The first steps the Trump administration took on criminal justice — a trio of executive orders signed in early February — aren’t really policy documents. They’re basically a reassuring gesture to law enforcement officers.
Dear Police, BLUE LIVES MATTER! Sincerely, Donald J. Trump.
They’re symbolic, but that doesn’t make them pointless. Trump is picking a side in a culture war that’s arisen in the past few years, with advocates for racial justice and improvements in police-community relations on one side, and law enforcement officers (and their supporters) who fear “anti-police” reforms on the other.
There’s no reason that “Black Lives Matter” and “Blue Lives Matter” should necessarily be in conflict, because there’s no necessary trade-off between improved police-community relations and officer safety. It's the Blue Lives Matter side that's decided the two are zero-sum — and that any implication that police could do more to help communities of color puts officers in danger.
By ordering the federal government to come up with new ideas for reducing crime and protecting law enforcement, President Trump is sending the signal that he agrees the two sides are in conflict — and he’s picking team blue.
Law enforcement officers and interests have been among Trump’s staunchest supporters
Trump’s nascent governing coalition has few organized interest groups — very few entities that have experience using leverage with government officials to get what they want, and that actually have leverage with these particular officials.
Accordingly, the organized interests that do have clout in Trumpland have less competition (and more influence) than they would under another president.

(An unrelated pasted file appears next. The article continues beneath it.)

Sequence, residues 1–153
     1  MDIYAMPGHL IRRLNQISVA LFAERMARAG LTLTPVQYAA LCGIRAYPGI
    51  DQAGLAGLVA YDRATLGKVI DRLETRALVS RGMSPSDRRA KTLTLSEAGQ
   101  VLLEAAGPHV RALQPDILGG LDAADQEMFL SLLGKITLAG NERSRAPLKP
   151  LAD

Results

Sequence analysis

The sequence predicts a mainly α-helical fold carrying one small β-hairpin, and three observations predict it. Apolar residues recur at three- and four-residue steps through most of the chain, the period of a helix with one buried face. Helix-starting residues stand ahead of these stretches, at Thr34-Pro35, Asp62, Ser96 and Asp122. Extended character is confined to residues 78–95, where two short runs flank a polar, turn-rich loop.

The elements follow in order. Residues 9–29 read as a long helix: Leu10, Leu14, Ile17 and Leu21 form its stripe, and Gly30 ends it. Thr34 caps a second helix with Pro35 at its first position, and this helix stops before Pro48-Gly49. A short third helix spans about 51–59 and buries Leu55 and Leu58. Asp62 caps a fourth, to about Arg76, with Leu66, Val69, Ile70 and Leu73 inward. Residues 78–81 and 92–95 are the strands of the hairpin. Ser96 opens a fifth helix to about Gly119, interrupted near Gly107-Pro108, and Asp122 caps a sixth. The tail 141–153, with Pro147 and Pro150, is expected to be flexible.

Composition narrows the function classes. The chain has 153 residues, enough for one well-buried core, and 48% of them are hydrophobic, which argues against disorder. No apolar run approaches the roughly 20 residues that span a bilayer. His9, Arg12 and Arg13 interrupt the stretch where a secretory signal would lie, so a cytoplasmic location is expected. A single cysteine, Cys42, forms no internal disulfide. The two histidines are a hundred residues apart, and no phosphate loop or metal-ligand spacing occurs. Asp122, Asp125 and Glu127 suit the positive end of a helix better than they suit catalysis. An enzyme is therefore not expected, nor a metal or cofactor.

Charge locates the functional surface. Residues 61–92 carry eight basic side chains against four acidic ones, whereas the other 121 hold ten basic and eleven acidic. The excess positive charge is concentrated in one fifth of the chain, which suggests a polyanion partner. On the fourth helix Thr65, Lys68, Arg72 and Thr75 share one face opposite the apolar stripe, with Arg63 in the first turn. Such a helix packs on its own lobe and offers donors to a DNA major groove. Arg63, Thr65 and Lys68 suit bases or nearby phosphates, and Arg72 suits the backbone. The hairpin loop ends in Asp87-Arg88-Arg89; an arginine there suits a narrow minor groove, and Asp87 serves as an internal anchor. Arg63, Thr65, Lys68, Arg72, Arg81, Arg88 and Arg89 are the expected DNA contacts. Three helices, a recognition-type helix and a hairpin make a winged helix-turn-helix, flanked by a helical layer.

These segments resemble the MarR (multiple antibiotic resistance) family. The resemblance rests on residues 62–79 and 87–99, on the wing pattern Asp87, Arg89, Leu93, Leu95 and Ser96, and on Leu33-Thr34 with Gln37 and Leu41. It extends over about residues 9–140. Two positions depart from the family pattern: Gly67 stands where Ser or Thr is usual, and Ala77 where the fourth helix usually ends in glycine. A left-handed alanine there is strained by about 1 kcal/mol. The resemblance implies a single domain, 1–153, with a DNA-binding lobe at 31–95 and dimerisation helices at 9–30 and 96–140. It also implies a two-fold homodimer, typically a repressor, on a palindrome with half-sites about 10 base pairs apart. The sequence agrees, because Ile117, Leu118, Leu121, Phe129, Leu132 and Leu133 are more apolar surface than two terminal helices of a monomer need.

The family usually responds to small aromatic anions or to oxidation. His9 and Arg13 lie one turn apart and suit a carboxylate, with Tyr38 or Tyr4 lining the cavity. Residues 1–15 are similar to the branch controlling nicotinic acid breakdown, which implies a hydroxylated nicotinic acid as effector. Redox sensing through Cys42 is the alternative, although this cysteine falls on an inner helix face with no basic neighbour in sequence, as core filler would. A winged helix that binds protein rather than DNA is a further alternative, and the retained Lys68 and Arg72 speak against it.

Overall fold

One of those tentpoles of the Trump coalition is law enforcement: the unions representing local police and federal immigration agents and the rank-and-file, front-line public safety officers of America.
The unions representing Border Patrol and Immigration and Customs Enforcement agents made their first presidential endorsements to back him. Trump appeared on the Border Patrol union’s podcast in July. The president of the Fraternal Order of Police testified in support of attorney general nominee Jeff Sessions’s nomination hearing.
In one (unofficial) survey, three-quarters of law enforcement officers backed Trump. Before the election, San Antonio police got disciplined for wearing “Make America Great Again” hats when they came to greet Trump on a campaign stop. After the election, a University of Virginia police officer was forced to resign after he used his car’s PA system to blast “Make America Great Again” through campus.